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Surface Pro Review

Microsoft’s Surface Pro tablet running Windows 8 is now available. We have one and are letting you know what’s good and what’s not.

Windows 8 and Windows RT

Microsoft recognizes that the world changes grown beyond the desktop. To stay relevant the next version of Windows needs mobile support. To do this Microsoft has to support the type of components found in mobile devices. Unfortunately software written for  traditional desktop components cannot run on mobile devices. Developers need to rewrite this software for the mobile devices. To help keep this clear Microsoft introduced two versions of Windows. Windows RT and Windows 8.

Windows RT is the version designed for mobile devices.  Microsoft developed a new style of interface codenamed “Metro” during development. The official name for these apps are “Windows Store apps”.

The Windows Store is Microsoft’s attempt to counter Apple’s App Store and Google’s Play Store. The Windows Store is the only way to install apps written for Windows RT. The only exception to this rule comes to Web browsers. Web browsers are complex, rapidly evolving software. As such, Google Chrome and Firefox are given special privileged that allow users to install them from the publisher’s website. At this time Chrome’s interface basically looks like the desktop interface. Firefox’s interface, now only in nightly builds, looks like the mobile Firefox interface.

Windows 8 is the version designed for traditional desktop components. It has better performance, better security, and lower system requirements than Windows 7. If your computer can handle Windows 7 than you can upgrade to Windows 8. Windows 8 can run any program designed for Windows 7. You do not need to use the Windows Store to install software on Windows 8.

The change that everyone notices is that the Start button in the lower left corner of every version of Windows is gone. Instead Microsoft introduced the Start screen using live tiles. These tiles are similar to the ones in Windows Phone. These tiles update themselves to deliver dynamic information such as the weather or comments on Facebook.

Windows 8 Start Screen.

Windows 8 Start Screen.

The Desktop mode is accessible from a tile on the Start Screen. This mode looks like the default desktop theme from Windows 7 (Aero Glass). The differences between Aero Glass and this theme are that programs seem flat and the removal of the transparency effect around the border of programs. They did this to improve performance and consistency with live tiles.

Windows 8 desktop interface.

Windows 8 desktop interface.

Surface Pro Introduction

A popular phrase in the software development world is “eat your own dog food”. The idea is that a company need to show so much confidence in their product that they will use it themselves. It works as a testimonial for the product’s quality.

In order for Microsoft to create a new operating system that runs on multiple architecture Microsoft needed to create products that ran on those systems. This lead to the Surface tablets. Last October Microsoft introduced the original Surface tablet running Windows RT. Earlier this month they introduced the Surface Pro running Windows 8. Microsoft also launched two keyboards that they referred to as the Touch Cover and the Type Cover that effectively turned the tablets into a laptop.  The Touch Covers are slicker and limited to the keys used by most people. The Type Cover offers the traditional assortment of keys such as esc and the function keys.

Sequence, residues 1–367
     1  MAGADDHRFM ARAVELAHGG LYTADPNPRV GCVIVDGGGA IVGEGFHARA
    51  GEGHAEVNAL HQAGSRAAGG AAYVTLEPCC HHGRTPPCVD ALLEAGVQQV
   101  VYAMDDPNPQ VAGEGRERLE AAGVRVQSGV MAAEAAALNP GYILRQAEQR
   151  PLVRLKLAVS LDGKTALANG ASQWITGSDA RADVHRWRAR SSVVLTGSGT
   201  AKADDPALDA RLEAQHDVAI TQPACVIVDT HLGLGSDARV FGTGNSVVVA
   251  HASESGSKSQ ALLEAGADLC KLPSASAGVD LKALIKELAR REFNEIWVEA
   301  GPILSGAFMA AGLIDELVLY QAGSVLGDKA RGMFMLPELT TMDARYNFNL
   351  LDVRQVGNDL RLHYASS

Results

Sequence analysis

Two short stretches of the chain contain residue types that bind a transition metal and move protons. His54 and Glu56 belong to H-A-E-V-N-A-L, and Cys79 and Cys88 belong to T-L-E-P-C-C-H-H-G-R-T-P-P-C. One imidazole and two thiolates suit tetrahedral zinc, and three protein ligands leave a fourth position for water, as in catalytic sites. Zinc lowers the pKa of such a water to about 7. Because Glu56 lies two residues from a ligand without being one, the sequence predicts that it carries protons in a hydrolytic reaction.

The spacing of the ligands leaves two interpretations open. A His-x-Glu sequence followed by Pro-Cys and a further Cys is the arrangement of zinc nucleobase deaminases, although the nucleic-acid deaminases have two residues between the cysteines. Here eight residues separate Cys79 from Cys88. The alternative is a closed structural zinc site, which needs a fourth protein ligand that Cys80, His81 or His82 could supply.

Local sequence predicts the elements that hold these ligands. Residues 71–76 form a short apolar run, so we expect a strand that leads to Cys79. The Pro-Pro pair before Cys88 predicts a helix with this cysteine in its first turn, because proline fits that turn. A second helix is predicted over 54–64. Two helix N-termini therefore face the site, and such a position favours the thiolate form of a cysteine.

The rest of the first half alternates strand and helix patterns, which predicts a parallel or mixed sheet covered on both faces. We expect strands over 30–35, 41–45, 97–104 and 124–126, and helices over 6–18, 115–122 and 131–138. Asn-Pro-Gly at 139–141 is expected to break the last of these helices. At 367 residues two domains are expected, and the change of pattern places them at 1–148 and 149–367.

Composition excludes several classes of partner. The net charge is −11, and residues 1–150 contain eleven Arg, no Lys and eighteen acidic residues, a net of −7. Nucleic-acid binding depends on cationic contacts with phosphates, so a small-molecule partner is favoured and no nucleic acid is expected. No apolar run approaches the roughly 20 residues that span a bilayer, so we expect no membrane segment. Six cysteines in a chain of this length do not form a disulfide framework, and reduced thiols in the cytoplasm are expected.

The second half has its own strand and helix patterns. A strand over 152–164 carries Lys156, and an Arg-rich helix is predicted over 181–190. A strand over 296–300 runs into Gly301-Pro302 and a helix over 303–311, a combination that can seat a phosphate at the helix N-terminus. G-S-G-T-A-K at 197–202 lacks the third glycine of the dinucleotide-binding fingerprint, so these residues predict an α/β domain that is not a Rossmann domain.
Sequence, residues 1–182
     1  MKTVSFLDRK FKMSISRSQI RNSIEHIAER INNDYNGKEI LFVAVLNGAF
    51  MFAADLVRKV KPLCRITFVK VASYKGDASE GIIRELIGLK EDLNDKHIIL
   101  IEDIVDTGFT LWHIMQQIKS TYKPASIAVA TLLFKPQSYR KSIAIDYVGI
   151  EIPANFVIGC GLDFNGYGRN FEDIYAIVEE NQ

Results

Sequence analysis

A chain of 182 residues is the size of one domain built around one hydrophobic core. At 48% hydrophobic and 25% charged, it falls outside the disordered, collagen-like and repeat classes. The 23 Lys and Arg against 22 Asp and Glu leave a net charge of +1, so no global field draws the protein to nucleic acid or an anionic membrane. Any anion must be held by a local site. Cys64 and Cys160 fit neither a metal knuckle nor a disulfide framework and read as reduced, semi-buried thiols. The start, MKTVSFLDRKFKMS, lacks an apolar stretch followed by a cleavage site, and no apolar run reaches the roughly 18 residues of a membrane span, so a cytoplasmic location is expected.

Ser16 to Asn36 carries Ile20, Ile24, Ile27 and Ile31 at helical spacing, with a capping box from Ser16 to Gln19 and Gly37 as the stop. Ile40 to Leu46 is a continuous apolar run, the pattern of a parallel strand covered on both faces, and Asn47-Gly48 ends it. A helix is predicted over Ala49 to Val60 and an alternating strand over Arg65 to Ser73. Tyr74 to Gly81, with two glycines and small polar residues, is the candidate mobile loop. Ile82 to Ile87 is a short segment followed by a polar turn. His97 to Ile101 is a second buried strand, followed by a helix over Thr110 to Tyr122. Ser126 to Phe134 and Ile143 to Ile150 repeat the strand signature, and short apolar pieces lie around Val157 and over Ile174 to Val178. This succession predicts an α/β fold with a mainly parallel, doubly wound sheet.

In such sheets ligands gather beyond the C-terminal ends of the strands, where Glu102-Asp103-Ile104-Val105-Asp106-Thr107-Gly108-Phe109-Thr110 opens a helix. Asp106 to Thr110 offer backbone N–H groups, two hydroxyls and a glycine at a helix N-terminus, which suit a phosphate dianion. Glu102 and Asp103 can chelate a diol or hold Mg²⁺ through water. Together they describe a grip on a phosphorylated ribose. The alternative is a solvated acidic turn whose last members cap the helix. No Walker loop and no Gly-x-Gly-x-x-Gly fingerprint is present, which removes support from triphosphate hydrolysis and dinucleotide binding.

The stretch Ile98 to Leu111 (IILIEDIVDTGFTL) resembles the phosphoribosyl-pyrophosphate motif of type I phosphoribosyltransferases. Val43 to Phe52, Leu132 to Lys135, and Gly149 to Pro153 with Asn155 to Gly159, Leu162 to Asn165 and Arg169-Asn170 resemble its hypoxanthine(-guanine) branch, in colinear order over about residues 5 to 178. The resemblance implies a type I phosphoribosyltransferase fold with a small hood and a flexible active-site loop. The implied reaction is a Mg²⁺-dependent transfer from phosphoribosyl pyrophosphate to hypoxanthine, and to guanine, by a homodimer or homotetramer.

Surface Pro from the front.

Surface Pro from the side.
The Surface Pro’s stylus is magnetically attached to the tablet.

Surface Pro's stylus.

Windows 8 comes with a virtual keyboard that offers two types of modes. A virtual keyboard laid out with the same keys as the Touch Cover, and a virtual keyboard with split keys.

Surface Pro Regular Virtual Keyboard.

Surface Pro Virtual Split Keyboard

Microsoft also hid a traditional full virtual keyboard buried in Windows 8.

Windows 8 supports the ability to display two apps on the screen at any given time. What’s neat is that the traditional desktop is an app. This means that you can have multiple windows open on that screen, and another app on the side.

Example of multiple apps in one screen on the Surface Pro .

In this example the traditional desktop is an app, and Internet Explorer 10 is on the right.

Surface Pro: The Sunny Side

The Surface Pro includes a stylus that is not found with the original Surface. When not in use you can connect the stylus to the same port used for the magnetic charger. The stylus is an alternative to a virtual keyboard. It does a pretty good job at recognizing sloppy handwriting.  Note: it cleans up the handwriting after you have completed a word. My handwriting is much worse than that.

Surface Pro stylus input.

The stylus does not actually need to touch the screen for the Surface Pro to recognize the device. A tap simulates a click, but you can hover over an element like with a mouse.

Surface Pro stylus usage on the web.

Example of the Surface Pro’s stylus interacting with a web page an inch away from the screen.

Windows 8 supports apps that use digital ink. A good example of this would be the Reader app for reading PDF files. You can write on them with the stylus. Flip the stylus over and it will allow you to erase your writing.

The Surface Pro offers full HD display. It does so with a brightness that I have not experienced on any other tablet. It also comes with a Mini DisplayPort which allows you to connect the Surface Pro to HDMI or VGA screens. The Surface Pro allows you to duplicate your screen on a second screen, extend the screen, or only display content on one of the two screens. Finally Windows supports multiple monitors by default!